CoMotion

From Wikipedia, the free encyclopedia
Jump to: navigation, search
For the game, see Blockade (video game).

The CoMotion platform is a commercial product from General Dynamics C4 Systems that provides a synchronous and asynchronous collaborative workspace enabling data sharing, data visualization, and messaging. It allows potentially hundreds of users to collaborate live, sharing all or part of their persistent workspace and all data contained therein. It is the core platform for the Army's Command Post of the Future, USTRANSCOM's TransViz software, and Array BioPharma's Discovery product. CoMotion builds substantially on earlier work developed at Carnegie Mellon University, MAYA Design Inc., and DARPA.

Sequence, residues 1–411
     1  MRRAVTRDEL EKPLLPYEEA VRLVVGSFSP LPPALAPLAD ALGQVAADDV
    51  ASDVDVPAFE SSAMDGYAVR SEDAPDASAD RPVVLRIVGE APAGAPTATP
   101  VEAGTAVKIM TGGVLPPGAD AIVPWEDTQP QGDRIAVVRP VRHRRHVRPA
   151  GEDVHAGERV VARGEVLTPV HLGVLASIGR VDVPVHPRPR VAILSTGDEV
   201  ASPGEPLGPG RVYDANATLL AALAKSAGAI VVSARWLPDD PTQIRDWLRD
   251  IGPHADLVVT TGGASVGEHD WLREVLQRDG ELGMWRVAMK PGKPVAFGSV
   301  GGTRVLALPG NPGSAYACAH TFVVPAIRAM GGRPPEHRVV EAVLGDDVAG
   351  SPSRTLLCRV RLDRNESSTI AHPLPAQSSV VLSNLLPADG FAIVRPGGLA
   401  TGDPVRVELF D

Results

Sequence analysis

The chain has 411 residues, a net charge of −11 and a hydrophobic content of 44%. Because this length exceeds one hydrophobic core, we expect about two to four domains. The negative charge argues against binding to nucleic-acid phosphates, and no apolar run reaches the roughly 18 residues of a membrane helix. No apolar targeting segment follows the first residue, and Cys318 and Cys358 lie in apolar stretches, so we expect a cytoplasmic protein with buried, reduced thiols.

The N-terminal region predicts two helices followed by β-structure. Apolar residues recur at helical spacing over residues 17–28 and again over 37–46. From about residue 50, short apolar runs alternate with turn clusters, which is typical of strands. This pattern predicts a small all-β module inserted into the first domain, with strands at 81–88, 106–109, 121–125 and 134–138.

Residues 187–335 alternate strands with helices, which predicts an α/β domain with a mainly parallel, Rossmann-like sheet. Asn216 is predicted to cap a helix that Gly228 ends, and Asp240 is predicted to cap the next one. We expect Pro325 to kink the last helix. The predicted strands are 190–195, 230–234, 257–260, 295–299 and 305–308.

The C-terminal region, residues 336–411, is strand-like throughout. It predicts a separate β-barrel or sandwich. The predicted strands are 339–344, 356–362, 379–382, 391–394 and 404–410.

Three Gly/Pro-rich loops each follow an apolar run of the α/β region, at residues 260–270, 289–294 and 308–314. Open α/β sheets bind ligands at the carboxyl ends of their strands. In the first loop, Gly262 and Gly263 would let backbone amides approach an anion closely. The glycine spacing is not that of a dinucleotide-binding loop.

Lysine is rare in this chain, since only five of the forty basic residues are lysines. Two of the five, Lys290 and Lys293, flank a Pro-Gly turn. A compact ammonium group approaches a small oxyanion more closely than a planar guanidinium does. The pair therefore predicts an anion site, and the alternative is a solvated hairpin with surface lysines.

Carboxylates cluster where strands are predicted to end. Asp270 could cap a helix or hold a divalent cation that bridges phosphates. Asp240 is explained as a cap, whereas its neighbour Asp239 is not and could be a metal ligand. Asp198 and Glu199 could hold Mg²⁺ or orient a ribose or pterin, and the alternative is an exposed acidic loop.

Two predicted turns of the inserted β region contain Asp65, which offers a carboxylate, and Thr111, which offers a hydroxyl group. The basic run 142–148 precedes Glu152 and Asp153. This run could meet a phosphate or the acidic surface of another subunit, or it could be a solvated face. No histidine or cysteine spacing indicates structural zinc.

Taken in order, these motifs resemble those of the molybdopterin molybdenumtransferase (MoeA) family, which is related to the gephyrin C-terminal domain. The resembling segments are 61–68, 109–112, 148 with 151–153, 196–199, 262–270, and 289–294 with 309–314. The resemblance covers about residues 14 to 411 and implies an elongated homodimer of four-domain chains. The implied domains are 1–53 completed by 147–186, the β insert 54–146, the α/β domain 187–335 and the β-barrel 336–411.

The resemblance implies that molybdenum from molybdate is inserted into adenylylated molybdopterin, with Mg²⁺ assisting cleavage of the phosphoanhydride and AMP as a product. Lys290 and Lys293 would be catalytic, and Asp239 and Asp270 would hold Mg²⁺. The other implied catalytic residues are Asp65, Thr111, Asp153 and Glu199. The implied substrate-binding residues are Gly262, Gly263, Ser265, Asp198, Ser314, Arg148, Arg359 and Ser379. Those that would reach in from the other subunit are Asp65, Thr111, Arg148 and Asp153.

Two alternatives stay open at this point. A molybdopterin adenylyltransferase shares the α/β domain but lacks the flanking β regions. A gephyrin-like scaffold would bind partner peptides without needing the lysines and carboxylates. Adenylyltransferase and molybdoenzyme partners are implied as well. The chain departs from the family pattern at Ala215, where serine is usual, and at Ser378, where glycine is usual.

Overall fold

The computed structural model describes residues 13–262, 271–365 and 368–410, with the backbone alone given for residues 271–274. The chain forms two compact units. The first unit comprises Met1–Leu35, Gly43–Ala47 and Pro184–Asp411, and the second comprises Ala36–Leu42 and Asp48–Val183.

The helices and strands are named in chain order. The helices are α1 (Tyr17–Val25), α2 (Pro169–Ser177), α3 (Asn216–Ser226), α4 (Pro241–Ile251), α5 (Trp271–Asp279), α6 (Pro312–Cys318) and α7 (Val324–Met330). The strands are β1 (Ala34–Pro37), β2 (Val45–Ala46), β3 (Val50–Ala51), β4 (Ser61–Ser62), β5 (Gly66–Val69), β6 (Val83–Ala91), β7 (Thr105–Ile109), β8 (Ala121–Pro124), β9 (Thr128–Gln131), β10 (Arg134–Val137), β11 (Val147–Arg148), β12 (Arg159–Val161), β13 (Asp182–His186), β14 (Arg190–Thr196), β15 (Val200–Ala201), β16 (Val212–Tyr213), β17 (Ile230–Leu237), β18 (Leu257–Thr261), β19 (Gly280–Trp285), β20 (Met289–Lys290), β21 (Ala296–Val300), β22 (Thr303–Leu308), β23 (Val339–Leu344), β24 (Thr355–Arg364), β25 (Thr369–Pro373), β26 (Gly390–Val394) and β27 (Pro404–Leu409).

Data visualization in software often uses a selected Model (as in Model–View–Controller) to organize the information. CoMotion treats the model and the view as data, so that the underlying information can be seen through different models or different views simultaneously. In CoMotion jargon this is known as a "blueprint" of how a visualization is seen. The "frame", or view, can be shared amongst different users of the software. Even with the same underlying information, it's possible for two users to interact around different blueprints or different frames.

All data is stored in "u-forms", which are a universal property list (name-value pairs) that can contain basic types, arrays, and links to other u-forms. This directed graph of u-forms forms the basis for all data in the system, including visualized data, blueprints, as well as the frame locations and clipping states.

Until the commercialization of CoMotion, no enterprise software products existed that allowed for this interaction. Prior, all systems either collaborated on the data itself, or only on the view of that data.

A session describing of CoMotion, its Java underpinnings, and the unique nature of its workspace's UI-data connections was submitted as a paper to Sun Microsystems' 2008 JavaOne conference.

See also[edit]

External links[edit]